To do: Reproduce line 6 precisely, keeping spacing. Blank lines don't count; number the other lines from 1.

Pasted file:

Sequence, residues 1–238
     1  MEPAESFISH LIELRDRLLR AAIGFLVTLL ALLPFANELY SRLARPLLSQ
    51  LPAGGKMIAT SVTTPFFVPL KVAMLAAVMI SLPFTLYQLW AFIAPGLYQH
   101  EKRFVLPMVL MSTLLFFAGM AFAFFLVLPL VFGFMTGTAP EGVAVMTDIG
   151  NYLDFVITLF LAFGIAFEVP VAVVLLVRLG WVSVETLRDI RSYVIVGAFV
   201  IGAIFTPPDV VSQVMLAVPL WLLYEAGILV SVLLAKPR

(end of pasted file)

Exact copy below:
   201  IGAIFTPPDV VSQVMLAVPL WLLYEAGILV SVLLAKPR